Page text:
Exams / Testing Using Desmos

I use Desmos in class on a daily basis.  For our midterm, I decided to let my students use Desmos.  As new Algebra learners, many of my students often make small mathematical errors, especially on exams.  My hope was that using Desmos to verify their answers would help them see graphically when they had made an error, and be able to correct it.

How I created it:

I made a traditional exam on paper and then a Desmos Activity builder to go along with it.  I created a “Welcome to the exam” slide with instructions.  I created two slides for each question, one introduction slide and one working slide (usually a graph slide).  I also added “STOP” slides in-between each question to help the students.  Most of the questions were on paper,  then students verified their answers with Desmos.  However, I did have two slides where the graphs were on Desmos, and they had to write the equations of the graphs.  Here is a sample of the slides.

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How I implemented it:

If you have iPads, Desmos has a test mode app you can use.  We are 1-1 so my students did the Desmos part on their computers.  I did not want students having the exam on their computers, or accidentally sharing the exam, so I made sure that they were not signed in to Desmos.  Since we use Desmos frequently, I had to instruct my students to sign out of Desmos after they went student.desmos.com.  I sat behind the students, so I could see all of their screens at the same time to ensure they only were on this screen.  I had them close the window when they were finished.  When they put in the code without signing in, they have to hit, “Join without signing in.”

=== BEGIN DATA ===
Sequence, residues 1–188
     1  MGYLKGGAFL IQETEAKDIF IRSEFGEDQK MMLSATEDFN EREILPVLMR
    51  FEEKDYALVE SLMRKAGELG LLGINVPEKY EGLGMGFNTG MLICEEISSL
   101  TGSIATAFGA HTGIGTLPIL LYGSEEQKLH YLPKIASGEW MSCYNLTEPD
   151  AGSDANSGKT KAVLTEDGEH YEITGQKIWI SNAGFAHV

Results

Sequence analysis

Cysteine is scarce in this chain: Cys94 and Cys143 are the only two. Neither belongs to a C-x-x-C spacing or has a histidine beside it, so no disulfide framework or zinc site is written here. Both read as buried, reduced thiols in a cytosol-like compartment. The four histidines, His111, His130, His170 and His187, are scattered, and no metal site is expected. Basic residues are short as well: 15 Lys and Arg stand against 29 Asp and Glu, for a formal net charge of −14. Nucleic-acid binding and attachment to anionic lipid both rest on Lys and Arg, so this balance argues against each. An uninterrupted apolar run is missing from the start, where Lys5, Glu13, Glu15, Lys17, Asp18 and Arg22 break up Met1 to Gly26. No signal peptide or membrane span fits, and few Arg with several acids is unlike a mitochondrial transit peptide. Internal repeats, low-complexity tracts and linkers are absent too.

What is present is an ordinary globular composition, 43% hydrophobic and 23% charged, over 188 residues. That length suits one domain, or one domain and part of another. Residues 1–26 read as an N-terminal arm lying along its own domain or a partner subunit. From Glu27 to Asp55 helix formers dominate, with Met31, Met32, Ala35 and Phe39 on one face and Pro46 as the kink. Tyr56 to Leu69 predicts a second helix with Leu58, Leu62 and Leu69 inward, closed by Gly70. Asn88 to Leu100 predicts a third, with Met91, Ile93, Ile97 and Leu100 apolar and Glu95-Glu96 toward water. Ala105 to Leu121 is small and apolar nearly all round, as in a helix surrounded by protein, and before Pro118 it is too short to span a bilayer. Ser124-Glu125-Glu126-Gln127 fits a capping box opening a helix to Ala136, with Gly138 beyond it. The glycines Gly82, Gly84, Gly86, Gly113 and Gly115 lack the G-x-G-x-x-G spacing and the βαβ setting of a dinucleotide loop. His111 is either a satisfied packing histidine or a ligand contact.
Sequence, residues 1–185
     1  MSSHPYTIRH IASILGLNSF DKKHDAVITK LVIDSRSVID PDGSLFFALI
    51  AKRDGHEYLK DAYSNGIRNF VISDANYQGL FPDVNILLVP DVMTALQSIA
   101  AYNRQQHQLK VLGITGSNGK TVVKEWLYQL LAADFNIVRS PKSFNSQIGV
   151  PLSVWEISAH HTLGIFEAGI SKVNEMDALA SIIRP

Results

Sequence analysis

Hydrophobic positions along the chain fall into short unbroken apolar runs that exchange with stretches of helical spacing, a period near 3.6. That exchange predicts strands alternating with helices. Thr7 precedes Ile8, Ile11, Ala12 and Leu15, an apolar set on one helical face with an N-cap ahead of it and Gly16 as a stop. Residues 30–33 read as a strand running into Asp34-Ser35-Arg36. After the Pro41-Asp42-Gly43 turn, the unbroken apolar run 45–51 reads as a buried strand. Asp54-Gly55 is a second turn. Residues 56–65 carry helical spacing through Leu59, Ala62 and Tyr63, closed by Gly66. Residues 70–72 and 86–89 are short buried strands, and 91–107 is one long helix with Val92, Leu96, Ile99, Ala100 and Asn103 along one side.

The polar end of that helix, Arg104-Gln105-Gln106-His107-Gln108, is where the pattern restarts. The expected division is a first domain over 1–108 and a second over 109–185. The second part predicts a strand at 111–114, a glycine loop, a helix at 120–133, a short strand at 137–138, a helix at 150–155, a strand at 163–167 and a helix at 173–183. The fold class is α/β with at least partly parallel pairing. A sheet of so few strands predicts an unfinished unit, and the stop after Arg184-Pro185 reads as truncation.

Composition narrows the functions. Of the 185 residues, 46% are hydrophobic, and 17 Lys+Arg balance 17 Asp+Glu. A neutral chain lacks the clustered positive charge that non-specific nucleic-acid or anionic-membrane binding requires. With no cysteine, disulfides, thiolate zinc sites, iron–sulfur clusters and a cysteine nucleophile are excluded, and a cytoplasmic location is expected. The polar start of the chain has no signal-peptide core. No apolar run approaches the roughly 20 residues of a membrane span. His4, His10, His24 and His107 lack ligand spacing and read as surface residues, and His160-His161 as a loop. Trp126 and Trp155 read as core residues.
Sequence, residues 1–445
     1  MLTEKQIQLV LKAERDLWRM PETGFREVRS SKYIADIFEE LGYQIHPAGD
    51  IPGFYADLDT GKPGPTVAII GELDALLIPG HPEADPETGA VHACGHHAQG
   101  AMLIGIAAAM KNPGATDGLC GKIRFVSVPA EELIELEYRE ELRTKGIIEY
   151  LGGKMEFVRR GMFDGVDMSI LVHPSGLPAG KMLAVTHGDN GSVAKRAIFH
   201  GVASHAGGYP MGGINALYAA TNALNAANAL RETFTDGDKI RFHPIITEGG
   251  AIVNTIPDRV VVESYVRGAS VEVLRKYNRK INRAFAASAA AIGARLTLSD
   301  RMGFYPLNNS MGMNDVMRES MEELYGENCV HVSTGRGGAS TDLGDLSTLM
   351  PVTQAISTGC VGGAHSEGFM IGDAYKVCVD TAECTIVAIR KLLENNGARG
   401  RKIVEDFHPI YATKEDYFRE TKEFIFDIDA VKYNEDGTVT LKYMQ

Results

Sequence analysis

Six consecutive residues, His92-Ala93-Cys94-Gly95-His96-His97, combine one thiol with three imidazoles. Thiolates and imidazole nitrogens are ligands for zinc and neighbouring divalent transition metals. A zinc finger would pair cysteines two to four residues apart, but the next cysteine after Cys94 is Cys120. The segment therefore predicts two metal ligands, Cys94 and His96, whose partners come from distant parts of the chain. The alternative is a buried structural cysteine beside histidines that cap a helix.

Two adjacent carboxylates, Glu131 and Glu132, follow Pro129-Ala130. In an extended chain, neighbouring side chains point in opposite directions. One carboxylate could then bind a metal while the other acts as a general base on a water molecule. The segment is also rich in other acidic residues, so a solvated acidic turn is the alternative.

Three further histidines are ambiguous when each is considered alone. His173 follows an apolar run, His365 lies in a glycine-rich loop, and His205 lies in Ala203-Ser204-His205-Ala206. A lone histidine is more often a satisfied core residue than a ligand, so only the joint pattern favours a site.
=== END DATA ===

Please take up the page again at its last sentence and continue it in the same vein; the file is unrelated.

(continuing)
1.  Go to student.desmos.com
  2. Sign out of Desmos  screen-shot-2016-12-23-at-7-33-59-pm
  3. Instruct your students to enter the code, and to click on “Continue without signing in.” I had them enter their first and last names. screen-shot-2016-12-23-at-7-38-32-pm
  4. I went around to each computer once they started to verify they were not signed in.  **To do this, at the top right hand side of the page, you should see their name, and then an option to sign in or create an account.  Then you know they aren’t signed in.screen-shot-2016-12-23-at-7-34-59-pm
  5. You can “pause” the activity at the end of the exam so students could not go back to individual screens after the exam. I did not do this, but will in the future. (Thanks John Rowe!)

How I graded it:

I had them put all of their final answers on the test paper.  This way I could grade it like a traditional exam.  I went to Desmos if I had a question about their answers.  For a few students, I was able to give some points back if their Desmos was correct, but they messed up on their test paper. I loved being able to verify their test paper answers on Desmos.  It helped me see what they were thinking and award partial credit where appropriate.

I loved it!

During the exam I kept an eye on the teacher dashboard to see how kids were doing.  I loved seeing kids quietly go, “YES!” and celebrate at their desks when entered their answers in Desmos and it worked.  I also liked using the teacher dashboard to watch the kids work during the exam.  I saw one student enter the incorrect graph, and then see that it was wrong.  They went back to their paper to think and work more, and was able to enter the correct graph the second time.  It was amazing.  The tough part was when students didn’t know how to do the problem, and then their wrong answer was verified on Desmos.  For the future, I really want to try to incorporate Desmos into more assessments, not just midterm exams.

 

What they said: